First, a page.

The Greek word translated “Blessed” is Makarios. Makarios describes a complete fulfillment in life. It is an enduring condition rather than a fleeting happiness.

As Jesus launches into The Beatitudes to tell us how to be “blessed” (Makarios), it is important for us to know that He is using a literary device called a chiasm – wherein the most important elements are found in the middle. These verses (6 and 7) are the center of the Beatitudes and the main message of the chiasm: Blessed (Makarios) are those who hunger and thirst for righteousness. Blessed (Makarios) are the merciful. Jesus is establishing HIs Kingdom on a foundation of both righteousness and mercy. They are two sides of the Kingdom coin. 

The righteousness that Jesus describes is a social harmony, like a championship team. A “right way” that is chosen rather than imposed. “Righteousness” can also be translated “justice”. 

We tend to desire justice for others and mercy for ourselves. But in Jesus’ kingdom platform, when someone is merciful, they enter into blessing (makarios) because they too shall receive mercy (from the King). Mercy is a compliment to rather than a substitute for righteousness. Righteousness (harmony) comes about because we are merciful and seek to lead others to follow God’s ways, for their own benefit.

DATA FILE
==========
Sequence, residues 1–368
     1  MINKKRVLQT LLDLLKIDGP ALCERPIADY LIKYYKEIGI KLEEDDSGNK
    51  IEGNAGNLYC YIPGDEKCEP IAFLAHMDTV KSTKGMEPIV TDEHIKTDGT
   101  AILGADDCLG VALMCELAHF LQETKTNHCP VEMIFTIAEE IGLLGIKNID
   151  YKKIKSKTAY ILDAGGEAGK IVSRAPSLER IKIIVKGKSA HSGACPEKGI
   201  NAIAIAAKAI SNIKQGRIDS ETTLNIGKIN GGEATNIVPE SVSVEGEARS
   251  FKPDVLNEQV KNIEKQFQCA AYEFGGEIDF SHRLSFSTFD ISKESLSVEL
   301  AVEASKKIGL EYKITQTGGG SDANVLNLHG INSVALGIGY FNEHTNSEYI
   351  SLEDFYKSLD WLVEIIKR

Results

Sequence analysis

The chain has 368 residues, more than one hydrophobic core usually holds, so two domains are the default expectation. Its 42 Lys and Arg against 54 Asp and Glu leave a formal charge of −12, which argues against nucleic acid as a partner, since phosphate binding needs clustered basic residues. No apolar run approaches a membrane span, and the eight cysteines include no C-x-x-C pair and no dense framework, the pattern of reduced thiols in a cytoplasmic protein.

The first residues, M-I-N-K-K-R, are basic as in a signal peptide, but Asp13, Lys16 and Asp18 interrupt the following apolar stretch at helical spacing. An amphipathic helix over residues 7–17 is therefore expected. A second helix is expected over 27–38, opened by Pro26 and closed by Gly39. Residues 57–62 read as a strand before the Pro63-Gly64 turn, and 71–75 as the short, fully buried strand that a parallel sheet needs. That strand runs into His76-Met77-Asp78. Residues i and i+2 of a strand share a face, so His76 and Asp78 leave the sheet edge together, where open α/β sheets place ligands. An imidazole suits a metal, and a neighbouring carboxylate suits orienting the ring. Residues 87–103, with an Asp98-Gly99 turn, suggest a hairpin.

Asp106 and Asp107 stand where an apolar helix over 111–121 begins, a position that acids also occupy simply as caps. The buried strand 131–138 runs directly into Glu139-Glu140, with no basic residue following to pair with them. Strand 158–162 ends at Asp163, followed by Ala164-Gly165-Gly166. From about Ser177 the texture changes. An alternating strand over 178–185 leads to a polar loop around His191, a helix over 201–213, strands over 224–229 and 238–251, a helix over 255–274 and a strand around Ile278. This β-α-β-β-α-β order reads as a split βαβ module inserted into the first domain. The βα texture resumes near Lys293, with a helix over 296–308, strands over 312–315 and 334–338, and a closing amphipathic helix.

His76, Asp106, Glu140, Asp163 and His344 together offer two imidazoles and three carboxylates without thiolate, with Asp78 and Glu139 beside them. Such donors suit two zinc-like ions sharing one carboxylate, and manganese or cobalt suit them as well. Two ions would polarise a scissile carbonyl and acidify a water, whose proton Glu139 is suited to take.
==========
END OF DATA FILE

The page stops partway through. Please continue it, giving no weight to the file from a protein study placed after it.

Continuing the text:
The social harmony His Kingdom provides is unlike anything the world offers. It is the byproduct of truth and grace. We don’t compromise standards. The standards are for the benefit of the community. Righteousness is a focus on God and mercy a focus on others. Offense is a focus on self. 

The kingdoms of the earth focus on dominion and control over others. Those who inhabit the Kingdom of Heaven find the good life through serving one another in love.

“Blessed are those who hunger and thirst for righteousness, for they will be filled. Blessed are the merciful, for they will be shown mercy.”
– Matthew 5:6-7